If a task of postcolonial theory is a “political obligation to assist the subjects of postcoloniality to live with the gaps and fissures of their condition, and thereby to learn to proceed with self understanding” (Gandhi, 1983, p. 8), then education is as central to 21st century postcolonial thought and practice as it was to colonialism. To a considerable extent, that task will need to attend to issues of culture and difference, but not exclusively so, and not only by retrieving past traditions. Given the globalization of capitalism and the huge persisting inequalities in educational provision across the globe, attention to the cultural dimensions of coloniality, even if it assumes cultural hybridity, will not be enough. Contemporary postcolonial thought and future research on postcolonial education need to pay attention to the material conditions of global inequality, reconsidering their relationship to the Marxist tradition.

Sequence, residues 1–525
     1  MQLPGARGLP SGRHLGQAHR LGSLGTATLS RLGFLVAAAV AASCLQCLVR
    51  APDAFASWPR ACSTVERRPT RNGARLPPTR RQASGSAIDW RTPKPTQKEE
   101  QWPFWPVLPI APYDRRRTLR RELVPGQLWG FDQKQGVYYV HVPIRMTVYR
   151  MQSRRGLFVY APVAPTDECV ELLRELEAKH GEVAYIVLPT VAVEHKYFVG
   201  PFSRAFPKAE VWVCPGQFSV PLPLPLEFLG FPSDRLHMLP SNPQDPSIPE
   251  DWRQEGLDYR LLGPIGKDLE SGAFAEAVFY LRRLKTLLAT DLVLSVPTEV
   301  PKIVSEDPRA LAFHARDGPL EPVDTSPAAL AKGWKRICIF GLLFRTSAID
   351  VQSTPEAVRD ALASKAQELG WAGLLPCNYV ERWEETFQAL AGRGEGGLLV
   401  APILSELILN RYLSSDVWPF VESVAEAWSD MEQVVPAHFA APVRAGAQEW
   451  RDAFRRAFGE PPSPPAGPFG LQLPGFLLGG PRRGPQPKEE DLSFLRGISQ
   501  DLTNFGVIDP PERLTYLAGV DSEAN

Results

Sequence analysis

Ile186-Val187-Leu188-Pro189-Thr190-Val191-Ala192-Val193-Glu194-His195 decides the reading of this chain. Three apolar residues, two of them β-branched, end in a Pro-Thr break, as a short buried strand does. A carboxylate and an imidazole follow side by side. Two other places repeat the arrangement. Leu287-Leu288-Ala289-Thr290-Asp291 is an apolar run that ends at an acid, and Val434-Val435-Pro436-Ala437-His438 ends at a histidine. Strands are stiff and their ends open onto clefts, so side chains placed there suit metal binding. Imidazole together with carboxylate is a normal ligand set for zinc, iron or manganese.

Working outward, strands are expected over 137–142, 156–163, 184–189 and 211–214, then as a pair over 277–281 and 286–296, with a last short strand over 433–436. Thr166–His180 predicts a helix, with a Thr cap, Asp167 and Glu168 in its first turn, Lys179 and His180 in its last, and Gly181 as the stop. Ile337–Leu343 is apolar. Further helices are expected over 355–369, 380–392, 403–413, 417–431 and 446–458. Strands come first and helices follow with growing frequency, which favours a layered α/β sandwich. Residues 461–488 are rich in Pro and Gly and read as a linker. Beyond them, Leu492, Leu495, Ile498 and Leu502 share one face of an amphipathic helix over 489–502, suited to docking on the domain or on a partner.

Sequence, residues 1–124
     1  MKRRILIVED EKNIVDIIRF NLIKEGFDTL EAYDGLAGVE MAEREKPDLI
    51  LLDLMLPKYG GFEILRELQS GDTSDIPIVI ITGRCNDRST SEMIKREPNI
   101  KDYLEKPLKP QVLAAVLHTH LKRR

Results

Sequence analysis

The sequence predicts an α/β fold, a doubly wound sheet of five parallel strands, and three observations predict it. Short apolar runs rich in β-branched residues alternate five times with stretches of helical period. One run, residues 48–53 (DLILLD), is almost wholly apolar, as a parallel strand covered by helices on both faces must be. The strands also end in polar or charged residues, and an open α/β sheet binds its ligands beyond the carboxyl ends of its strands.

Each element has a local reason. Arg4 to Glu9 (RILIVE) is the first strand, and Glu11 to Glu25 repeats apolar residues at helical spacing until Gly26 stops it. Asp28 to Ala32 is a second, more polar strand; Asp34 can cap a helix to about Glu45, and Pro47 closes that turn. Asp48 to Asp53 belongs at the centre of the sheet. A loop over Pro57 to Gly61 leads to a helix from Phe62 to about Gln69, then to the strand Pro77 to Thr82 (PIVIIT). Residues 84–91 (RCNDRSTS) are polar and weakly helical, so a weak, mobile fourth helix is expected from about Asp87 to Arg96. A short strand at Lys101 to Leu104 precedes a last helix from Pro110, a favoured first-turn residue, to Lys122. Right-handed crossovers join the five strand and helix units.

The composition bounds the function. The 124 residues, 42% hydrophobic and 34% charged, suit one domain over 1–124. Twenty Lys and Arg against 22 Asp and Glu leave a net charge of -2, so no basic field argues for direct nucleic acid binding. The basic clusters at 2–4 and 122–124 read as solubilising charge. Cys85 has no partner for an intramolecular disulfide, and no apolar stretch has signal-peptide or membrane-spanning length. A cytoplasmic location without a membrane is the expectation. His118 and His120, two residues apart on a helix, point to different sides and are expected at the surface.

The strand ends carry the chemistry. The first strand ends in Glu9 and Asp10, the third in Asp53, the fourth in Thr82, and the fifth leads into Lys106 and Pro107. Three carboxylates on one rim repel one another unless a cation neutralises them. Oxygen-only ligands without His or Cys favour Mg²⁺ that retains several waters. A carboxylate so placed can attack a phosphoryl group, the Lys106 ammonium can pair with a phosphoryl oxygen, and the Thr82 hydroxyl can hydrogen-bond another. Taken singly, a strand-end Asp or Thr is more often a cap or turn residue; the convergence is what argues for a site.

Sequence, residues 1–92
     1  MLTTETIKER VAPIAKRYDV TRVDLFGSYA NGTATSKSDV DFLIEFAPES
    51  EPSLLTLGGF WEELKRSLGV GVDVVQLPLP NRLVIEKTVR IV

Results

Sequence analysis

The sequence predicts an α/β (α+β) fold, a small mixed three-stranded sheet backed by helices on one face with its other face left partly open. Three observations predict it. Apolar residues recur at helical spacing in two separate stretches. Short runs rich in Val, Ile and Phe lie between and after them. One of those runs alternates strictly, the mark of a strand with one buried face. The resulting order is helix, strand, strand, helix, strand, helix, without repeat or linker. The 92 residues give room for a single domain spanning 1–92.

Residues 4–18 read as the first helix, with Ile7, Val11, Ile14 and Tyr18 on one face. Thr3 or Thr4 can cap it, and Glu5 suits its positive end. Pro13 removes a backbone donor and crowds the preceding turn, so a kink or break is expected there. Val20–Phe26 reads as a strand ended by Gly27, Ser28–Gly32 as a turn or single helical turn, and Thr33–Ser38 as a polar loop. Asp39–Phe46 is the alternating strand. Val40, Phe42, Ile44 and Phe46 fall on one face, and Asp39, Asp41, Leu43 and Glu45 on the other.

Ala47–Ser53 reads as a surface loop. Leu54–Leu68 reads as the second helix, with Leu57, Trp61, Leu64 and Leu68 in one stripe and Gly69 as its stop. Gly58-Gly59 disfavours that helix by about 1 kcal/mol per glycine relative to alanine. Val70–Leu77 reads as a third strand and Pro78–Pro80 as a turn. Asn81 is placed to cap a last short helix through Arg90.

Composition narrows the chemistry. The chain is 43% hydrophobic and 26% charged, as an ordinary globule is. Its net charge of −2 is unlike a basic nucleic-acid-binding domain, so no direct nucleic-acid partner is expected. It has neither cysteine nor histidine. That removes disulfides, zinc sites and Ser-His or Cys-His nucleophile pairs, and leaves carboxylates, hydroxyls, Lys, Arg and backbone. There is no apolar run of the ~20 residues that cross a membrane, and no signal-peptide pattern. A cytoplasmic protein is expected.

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(1.) While the Roman, Russian, and Ottoman empires were also expressions of imperialism, their characteristics are not relevant to this entry, whose focus is on the modern age of imperialism and its educational effects and significance.
(2.) R. Young (2009), What is the postcolonial? Ariel: A Review of International English Literature, 40(1). Joseph Conrad’s Heart of Darkness (London: Blackwood’s Magazine, 1899) is often cited as the novel that marks the start of a now huge postcolonial literature. Recent novels in this tradition that include refection on the varying uptake by and impact of western education on key characters in their narratives are Arundhati Roy’s The God of Small Things (London: Flamingo, 1988) and K. Desai’s The Inheritance of Loss (New York: Grove Press, 2006).
(3.) Lord Macaulay’s notorious “Minute on Indian education,” in B. Ashcroft & H. Tiffin (Eds.), The postcolonial studies reader (London: Routledge, 1999) is a stark example of such assumptions.
(4.) Anti-colonialism (2007), in B. Ashcroft, G. Griffiths, & H. Tiffin (Eds.), Postcolonial studies: The key concepts (London: Routledge), 15.
(6.) Said refers to M. Foucault (1969), The archaeology of knowledge (Abingdon, U.K.: Routledge) and to Foucault (1977), Discipline and punish (London: Penguin).